Secondary Infertility and well-meaning advice
Secondary infertility is a tricky old beast. Especially when people weigh in with their opinions. My family and close friends knew what we were going through and how much we wanted a second baby. My parents, in particular, were a huge support as they’d gone through their own struggles on the “when are you giving your daughter a sibling” front (the eleven-year age gap between my brother and me was not by design). Other people who vaguely knew of our struggles would offer well-meaning nuggets of sympathy along the lines of “oh well, you’ve already got one baby, some people can’t have any at all”, which is true, and we love Amy more than anything in the world, but that wasn’t really the point. We didn’t feel our family was complete. The other gem was “you’ll get pregnant when you least expect it”. Really? I least expected to get pregnant when I was on the pill. Not when I’m doing ovulation tests, going through IVF, having acupuncture and standing on the lawn staring at the fecking moon night after night. On the flipside, there’s the “when are you having number two?” question, often from complete strangers. Usually this question could be politely brushed off with a “one day!” or “we’re hoping soon!” response, but the harmless question in itself could make me feel like bursting into tears, especially if it came the day of yet another negative test. When I was recovering from my last endometriosis surgery, a lady and I were chatting in a park as I watched Amy play. I’d never met this woman in my life, but she said she hoped I was thinking about giving my daughter a sibling, as it was “very selfish” to have an only child. I thought to myself “she has no idea how badly I want to give Amy a sibling and what I’m going through”, but then was even more furious about her judging anyone’s personal choice about how many children to have.
When do you draw a line in the sand?
Many months and negative pregnancy tests later, Jeremy and I went for a long walk together while staying in Taupo over Easter. He was in the middle of a health kick after discovering he had ridiculously high blood pressure and cholesterol, and I’d just returned from attending the funeral for the mother of one of my closest friends. The high blood pressure and saying farewell to someone well before their time had made us take stock of what was really important in life, and I was worried that I was on the cusp of becoming obsessed about having another baby. I didn’t want to wish away time waiting to see if we’d been successful each month – Amy was growing so fast, and I just wanted to enjoy her. We talked about how far we’d go, and finally decided that we’d calmly do two more rounds of IVF, and if that didn’t work then we’d draw a line in the sand. We agreed we had a wonderful little family of three, and should think about a second baby as a bonus. We decided to start the next round of IVF that month, so I got myself all geared up to pick up my drugs from Fertility Associates when Day One would inevitably roll around two weeks later. A week after our Taupo trip, an hour before I was about to host a baby shower for a good friend, my baby-making buddy called me on FaceTime, holding up a positive pregnancy test. I was so excited for her I couldn’t stop screaming. She said she was sure I was pregnant too. I said it was very unlikely, but that I was nervously excited about starting IVF the following week.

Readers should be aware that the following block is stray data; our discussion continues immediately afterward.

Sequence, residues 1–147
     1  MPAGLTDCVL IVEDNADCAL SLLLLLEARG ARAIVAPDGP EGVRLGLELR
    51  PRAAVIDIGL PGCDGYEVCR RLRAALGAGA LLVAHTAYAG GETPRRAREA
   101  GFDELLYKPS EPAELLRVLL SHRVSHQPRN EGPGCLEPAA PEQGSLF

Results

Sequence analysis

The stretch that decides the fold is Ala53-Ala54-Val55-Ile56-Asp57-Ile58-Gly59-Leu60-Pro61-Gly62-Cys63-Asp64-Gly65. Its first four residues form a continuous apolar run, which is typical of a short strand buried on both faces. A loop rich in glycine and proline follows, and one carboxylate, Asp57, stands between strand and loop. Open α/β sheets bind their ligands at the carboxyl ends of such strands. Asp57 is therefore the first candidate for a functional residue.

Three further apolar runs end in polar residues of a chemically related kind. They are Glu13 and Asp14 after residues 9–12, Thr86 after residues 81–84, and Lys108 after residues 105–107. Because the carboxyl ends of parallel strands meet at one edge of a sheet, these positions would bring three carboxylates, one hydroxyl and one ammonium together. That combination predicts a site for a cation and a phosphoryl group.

The next weekend, with IVF due to get underway that coming week, I decided to do a test…one for the road. When two lines started appearing, I really thought my eyes were playing tricks. With shaky hands I showed the test to Jeremy, and we sat there, grinning like a pair of idiots, before calling our family and close friends. Again, despite all-day sickness, I was so grateful and happy to be pregnant. I still miss my pregnant belly and look wistfully at pregnant women in a way that makes Jeremy lay my pill packet next to a glass of water every morning in a very deliberate manner. I was more nervous about pregnancy the second time around, and more aware of what could go wrong. Nine months later, we welcomed Tilly into the world. There is so much love for this new little person, and I tell both my girls how wanted and loved they are every day. Watching Amy hold her baby sister in the hospital will endure as one of my favourite moments of all time, and Tilly constantly looks at her big sister with such adoration that it melts my heart. I will try to remember these moments when they’re teenagers threatening to kill each other and accusing me of ruining their lives.
( this post originally appeared on If Only They’d Told Me )